‘It Isn’t Matter of If, But When, Climate Change Will Find Our Favorite Spots, Change Our Sporting Lives’
DENVER – Climate change is threatening the wildlife, lands, and waters that hunters and anglers rely upon — and sportsmen and sportswomen have a crucial role to play in seeking common-sense climate solutions, according to a new report from the National Wildlife Federation.
“Whether it be the drying up of our favorite duck swamps, wildfire that closes down our best elk spots, degrading ocean conditions that cripple our salmon and steelhead pursuits, or flooding in our beloved whitetail bottoms, we know that it isn’t a matter of if, but when, climate change will find our favorite spots and change our sporting lives,” said National Wildlife Federation Director of Sporting Advocacy Aaron Kindle in the report’s introduction.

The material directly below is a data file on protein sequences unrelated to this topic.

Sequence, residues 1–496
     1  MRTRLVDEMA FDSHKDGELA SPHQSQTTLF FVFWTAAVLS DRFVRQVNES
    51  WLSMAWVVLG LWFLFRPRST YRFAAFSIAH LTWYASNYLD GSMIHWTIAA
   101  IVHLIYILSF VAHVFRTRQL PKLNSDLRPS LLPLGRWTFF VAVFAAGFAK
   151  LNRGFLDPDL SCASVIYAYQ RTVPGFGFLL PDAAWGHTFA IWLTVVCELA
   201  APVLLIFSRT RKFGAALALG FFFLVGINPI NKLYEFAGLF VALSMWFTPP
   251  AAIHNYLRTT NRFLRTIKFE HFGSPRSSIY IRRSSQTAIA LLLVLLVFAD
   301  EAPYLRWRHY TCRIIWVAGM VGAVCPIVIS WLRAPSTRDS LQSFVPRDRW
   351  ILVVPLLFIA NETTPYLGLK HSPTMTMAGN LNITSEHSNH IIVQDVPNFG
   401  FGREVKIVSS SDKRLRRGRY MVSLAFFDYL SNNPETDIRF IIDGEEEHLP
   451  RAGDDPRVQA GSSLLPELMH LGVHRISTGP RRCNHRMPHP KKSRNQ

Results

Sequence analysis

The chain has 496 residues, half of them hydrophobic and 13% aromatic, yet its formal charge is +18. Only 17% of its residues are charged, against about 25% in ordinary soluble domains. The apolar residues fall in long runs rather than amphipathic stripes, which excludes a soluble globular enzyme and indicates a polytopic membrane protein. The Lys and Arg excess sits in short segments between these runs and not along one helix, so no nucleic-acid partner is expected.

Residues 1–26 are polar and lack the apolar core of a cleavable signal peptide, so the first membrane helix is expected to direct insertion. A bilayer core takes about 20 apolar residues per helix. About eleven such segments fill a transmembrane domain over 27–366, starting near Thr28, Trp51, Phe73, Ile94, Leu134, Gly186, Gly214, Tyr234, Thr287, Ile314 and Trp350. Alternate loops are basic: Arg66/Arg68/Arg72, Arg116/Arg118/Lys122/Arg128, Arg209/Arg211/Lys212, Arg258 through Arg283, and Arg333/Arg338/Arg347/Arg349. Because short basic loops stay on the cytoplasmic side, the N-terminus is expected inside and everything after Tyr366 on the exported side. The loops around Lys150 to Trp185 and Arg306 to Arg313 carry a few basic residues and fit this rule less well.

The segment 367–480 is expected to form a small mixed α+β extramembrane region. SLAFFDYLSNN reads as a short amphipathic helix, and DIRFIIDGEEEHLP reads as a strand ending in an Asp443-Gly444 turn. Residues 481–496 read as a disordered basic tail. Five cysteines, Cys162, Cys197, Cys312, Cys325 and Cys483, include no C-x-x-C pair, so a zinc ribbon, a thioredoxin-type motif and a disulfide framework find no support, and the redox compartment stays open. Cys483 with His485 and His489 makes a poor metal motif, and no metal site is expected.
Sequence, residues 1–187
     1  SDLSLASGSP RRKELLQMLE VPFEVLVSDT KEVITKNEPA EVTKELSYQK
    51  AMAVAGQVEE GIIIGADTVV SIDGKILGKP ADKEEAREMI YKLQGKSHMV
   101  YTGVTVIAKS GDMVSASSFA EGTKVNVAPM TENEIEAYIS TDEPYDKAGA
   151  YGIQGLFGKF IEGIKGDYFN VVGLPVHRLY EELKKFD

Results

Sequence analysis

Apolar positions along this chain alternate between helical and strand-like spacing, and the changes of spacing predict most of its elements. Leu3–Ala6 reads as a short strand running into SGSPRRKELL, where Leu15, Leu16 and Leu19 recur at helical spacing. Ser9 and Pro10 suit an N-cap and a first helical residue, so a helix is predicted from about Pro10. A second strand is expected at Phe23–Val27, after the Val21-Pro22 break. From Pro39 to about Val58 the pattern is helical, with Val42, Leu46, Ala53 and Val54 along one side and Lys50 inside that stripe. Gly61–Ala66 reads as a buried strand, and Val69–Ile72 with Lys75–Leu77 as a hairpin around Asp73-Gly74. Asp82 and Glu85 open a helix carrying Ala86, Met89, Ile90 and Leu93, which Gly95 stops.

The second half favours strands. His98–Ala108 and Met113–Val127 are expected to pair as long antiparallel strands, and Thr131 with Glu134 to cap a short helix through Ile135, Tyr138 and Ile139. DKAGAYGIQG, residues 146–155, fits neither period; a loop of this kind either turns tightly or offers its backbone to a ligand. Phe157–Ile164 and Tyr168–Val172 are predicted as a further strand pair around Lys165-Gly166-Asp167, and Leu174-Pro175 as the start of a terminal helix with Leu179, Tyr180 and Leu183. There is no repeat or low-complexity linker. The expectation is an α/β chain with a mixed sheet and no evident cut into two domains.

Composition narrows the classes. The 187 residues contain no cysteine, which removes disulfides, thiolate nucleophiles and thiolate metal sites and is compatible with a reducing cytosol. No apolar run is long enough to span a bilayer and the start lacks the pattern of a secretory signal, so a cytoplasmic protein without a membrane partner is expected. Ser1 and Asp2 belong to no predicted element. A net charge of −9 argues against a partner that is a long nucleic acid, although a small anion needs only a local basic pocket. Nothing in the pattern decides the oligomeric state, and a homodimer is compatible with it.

The report examines effective solutions that are being deployed in restoring natural infrastructure — such as wetlands, forests, rivers, and grasslands — in order to recover wildlife and protect communities. As the report notes: “the most logical, cost effective and sustainable solutions are often those that harness and augment the power of natural systems and restore developed and degraded landscapes and waterways. And even better, these types of solutions improve hunting and fishing.”
As leaders in Congress consider historic investments in restoring natural infrastructure, the report urges hunters and anglers to use their first-hand knowledge from the field to speak out for climate solutions. “We can and we must be leading voices to promote and implement strategies, policies, and good ideas that combat climate change, and that save hunting and fishing for generations to come."
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